A revolution is coming. In the way products are designed. In the way they are made. In the capabilities of the products themselves.
Ripping up the rulebook, this research has set itself an ambitious and formidable objective – to transcend the limitations that current microelectronic techniques impose on the manufacturing industry, in terms of what can be manufactured and what can be imagined.
Vigorously pursuing their bold philosophy of dynamic change, the research team have developed new manufacturing techniques that have successfully produced a range of radical, three-dimensional miniaturised ‘smart’ products. They include a multi-functional health-monitoring sensor for use on aircraft and a groundbreaking integrated biological processor.
Collectively, these pioneering products provide just a glimpse of the new horizons beckoning technology-centric industries as diverse as aerospace, telecommunications and medicine.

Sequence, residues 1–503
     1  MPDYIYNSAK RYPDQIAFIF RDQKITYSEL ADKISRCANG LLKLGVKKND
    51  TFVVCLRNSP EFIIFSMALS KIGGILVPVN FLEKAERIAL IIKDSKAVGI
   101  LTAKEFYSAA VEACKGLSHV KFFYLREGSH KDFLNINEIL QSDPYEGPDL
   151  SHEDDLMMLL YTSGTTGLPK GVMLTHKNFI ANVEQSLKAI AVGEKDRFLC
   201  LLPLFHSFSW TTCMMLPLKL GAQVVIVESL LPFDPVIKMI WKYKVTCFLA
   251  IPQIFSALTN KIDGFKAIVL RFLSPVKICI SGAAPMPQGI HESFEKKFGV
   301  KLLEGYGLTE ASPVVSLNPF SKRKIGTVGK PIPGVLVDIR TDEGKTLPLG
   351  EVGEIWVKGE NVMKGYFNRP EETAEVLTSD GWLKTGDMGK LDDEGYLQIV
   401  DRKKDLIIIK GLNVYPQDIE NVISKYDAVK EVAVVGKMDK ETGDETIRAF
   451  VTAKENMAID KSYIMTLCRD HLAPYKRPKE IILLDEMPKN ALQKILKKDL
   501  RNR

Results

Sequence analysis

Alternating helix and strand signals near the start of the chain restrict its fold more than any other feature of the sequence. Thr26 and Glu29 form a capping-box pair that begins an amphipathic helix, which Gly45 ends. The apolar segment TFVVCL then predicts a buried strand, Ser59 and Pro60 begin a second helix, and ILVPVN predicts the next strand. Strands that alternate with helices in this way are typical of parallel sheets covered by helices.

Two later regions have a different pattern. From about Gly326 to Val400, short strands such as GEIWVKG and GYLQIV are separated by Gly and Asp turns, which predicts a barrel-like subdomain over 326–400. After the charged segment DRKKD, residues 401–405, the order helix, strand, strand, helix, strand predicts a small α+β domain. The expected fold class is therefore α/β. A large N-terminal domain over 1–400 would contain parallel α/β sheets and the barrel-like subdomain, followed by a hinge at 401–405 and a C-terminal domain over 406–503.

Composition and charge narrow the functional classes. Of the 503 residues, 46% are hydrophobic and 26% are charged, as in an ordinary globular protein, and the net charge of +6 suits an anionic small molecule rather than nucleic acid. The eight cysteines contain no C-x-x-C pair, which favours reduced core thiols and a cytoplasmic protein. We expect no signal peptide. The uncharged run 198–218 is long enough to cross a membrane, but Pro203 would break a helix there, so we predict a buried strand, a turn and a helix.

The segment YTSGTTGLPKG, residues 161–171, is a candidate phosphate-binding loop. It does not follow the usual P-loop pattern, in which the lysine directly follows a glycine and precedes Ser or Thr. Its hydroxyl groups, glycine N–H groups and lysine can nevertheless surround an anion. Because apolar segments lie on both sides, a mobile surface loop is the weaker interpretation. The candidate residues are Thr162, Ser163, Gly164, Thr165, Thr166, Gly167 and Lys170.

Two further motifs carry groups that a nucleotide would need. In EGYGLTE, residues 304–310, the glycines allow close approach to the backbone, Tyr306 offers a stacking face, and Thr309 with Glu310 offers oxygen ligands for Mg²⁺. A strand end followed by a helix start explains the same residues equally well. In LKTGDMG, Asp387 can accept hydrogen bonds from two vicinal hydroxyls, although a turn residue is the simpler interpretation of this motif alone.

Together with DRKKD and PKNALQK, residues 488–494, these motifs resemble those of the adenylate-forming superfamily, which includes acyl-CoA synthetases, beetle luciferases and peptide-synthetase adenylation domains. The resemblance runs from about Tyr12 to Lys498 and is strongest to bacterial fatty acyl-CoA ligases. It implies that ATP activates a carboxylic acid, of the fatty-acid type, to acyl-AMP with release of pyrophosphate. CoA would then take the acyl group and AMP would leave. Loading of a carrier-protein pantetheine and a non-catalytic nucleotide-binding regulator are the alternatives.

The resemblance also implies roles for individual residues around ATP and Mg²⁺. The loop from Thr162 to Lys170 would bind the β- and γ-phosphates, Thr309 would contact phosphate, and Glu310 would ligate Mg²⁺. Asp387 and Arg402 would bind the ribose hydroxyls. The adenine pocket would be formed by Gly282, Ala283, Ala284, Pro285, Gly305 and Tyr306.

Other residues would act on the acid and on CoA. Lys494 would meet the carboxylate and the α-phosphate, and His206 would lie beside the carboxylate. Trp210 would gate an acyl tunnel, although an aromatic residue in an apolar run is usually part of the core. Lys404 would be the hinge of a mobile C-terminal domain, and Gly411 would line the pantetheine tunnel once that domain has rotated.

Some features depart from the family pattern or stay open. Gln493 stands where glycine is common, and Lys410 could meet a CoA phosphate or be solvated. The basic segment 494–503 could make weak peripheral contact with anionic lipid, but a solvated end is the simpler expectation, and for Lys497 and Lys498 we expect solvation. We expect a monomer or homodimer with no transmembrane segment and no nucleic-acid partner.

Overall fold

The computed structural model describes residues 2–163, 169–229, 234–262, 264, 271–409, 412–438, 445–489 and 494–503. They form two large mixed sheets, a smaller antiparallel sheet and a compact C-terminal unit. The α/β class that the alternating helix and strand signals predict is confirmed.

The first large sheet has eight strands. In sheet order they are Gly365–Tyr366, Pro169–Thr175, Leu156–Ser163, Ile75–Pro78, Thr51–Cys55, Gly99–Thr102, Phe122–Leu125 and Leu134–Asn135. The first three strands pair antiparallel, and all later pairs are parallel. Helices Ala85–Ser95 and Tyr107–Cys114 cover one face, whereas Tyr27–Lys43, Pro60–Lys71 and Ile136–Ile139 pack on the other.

The factories are coming to town! They are moving away from the unseen fringes, and into our cities. Advances in micro-scale engineering point to a global scale revolution where local, disposable factories produce hi tech goods at our very doorstep. What shapes might this new way of “making things” take within our urban landscape ? From garage-workshops to circus-like temporary structures, from street vendor stalls to vagabond encampments, this project explores the factories of the future and what our relationship to them might be, with the exciting prospect of taking back ownership over our production tools.
Science Partners: Marc Dezmulliez, Heriot-Watt University, MIcroSystems Engineering Centre, David Topham.